NEW YORK (GenomeWeb News) – Wall Street analysts took a mixed view of Myriad Genetics today following the announcement on Friday by the US Supreme Court that it would review a lawsuit challenging the company's patents related to the BRCA1 and BRCA2 genes.
Mizuho Securities and Goldman Sachs both downgraded the Salt Lake City-based firm's shares to Neutral following the announcement. In a research note Mizuho's Peter Lawson said that although Myriad remains a "best-in-class molecular diagnostics lab company and fundamentals of the business remain unchanged," its stock could languish as oral arguments in the case will not be heard until March 2013.
Isaac Ro of Goldman Sachs added that a ruling against Myriad would result in a loss of protection over patents applicable to more than 80 percent of the firm's revenues.
Others, however, had a more favorable view, saying that the court could likely affirm a decision reached in August by the US Court of Appeals for the Federal Circuit that isolated genes are patentable, but that certain methods patents that compare or analyze gene sequences may not be.
"[O]ur bias is that the [appeals' court] ruling will be upheld," Jon Wood of Jefferies said in a note.
The Supreme Court heard the case earlier this year but remanded it to the appeals court — which had already ruled in 2011 in favor of Myriad — after the Supreme Court invalidated patents held by Prometheus Laboratories in a separate case, saying that the patents merely described laws of nature.
Wood had previously said that that case, Mayo Collaborative Services v. Prometheus Laboratories, was a "poor proxy" for the case against Myriad, which was filed by the American Civil Liberties Union, the Association for Molecular Pathology, the Public Patent Foundation, and others in 2009.
"[T]he Supreme Court's decision to invalidate Prometheus' patents, which dealt with 'methods to determine the optimal dosage' of certain drugs used to treat autoimmune diseases, would have limited implications for the relevance of [Myriad's] composition of matter patents," Wood said in his note today. "Clearly, the CAFC's August 2012 ruling, as well as the Supreme Court's decision to consider the case, validated such a view. As such, we believe the Supreme Court will consider the validity of [Myriad's] composition of matter claims under independent scope."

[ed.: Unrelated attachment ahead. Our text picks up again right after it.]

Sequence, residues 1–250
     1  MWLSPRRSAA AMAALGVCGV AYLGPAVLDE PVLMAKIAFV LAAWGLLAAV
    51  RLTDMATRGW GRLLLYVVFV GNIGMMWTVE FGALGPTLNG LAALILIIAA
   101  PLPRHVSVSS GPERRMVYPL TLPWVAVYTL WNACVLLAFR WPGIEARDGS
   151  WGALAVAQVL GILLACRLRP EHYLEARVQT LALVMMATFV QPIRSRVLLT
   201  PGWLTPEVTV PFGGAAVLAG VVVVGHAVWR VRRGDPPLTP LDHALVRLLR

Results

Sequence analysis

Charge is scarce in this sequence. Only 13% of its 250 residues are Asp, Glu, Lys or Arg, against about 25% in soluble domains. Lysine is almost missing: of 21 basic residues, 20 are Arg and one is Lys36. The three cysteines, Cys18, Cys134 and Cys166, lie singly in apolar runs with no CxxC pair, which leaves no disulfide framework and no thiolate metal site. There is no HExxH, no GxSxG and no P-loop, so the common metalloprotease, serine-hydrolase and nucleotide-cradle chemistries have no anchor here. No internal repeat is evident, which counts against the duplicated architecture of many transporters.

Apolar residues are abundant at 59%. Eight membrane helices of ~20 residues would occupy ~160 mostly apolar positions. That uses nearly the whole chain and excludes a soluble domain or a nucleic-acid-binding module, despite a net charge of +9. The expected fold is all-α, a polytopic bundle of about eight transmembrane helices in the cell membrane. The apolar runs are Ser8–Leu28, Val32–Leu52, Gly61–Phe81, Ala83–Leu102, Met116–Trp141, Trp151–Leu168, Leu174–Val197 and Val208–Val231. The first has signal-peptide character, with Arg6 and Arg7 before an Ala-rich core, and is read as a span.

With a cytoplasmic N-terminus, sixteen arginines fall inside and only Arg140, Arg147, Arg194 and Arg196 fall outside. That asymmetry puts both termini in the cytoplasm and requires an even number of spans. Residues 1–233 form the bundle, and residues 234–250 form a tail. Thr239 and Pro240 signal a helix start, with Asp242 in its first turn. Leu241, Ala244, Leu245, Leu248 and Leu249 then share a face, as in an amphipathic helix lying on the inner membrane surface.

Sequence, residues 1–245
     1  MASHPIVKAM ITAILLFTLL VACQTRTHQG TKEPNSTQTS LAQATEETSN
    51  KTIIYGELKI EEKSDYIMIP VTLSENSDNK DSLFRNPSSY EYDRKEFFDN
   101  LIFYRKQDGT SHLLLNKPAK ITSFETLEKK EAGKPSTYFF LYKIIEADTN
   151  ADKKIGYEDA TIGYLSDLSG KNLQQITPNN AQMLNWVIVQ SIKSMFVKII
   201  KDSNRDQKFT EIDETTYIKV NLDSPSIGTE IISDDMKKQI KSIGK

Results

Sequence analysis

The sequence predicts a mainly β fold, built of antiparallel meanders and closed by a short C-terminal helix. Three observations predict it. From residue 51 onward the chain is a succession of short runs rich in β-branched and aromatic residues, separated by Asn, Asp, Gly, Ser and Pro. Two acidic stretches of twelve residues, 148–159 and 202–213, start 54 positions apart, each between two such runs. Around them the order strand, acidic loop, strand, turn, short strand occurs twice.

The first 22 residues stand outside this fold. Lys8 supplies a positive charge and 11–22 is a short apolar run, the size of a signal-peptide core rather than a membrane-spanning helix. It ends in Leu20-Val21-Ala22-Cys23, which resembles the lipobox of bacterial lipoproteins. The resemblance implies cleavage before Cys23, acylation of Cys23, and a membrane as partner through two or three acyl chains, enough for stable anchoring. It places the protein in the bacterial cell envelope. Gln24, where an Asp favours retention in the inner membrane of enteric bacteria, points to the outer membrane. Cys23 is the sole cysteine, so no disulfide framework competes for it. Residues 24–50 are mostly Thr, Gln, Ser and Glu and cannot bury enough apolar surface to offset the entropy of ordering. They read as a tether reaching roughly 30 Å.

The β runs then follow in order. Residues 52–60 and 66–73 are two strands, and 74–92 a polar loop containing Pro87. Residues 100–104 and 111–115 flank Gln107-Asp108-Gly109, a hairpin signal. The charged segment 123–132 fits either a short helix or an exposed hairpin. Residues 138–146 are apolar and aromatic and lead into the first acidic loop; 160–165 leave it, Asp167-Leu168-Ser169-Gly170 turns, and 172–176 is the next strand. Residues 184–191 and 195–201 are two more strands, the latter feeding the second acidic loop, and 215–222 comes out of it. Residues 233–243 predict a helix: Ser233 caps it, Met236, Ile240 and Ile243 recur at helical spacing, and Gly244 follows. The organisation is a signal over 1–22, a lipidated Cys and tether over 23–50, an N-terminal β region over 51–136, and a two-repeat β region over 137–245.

Even if the Supreme Court ultimately rules against Myriad, some analysts believe the company has other forms of protection for its BRCA1- and BRCA2-related business. David Ferreiro of Oppenheimer pointed out that it took Myriad years to establish its BRACAnalysis business and both its methods-of-use patents, as well, as its proprietary database, will be an obstacle to competitors.
Myriad has said that its method-of-use patents covering BRACAnalysis last until 2018, and legal action by Myriad protecting those patents will at least delay competitors from reaching the market with their own BRCA1 and BRCA2 tests for about five years, Ferreiro said.
Additionally, the company has created a unique database of DNA sequence variants and related clinical data. "This database is essential to interpreting BRCA testing results and remains private to [Myriad]," Ferreiro said. "While not impossible to replicate, it will take competitors time to develop comparable expertise."
He also said that competitors would still need to generate clinical data for validation, as well as to negotiate contracts with payors, while Myriad is "deeply entrenched in the market with strong branding, market share, and payor relationships."
The Supreme Court is anticipated to reach a decision on the case in June 2013.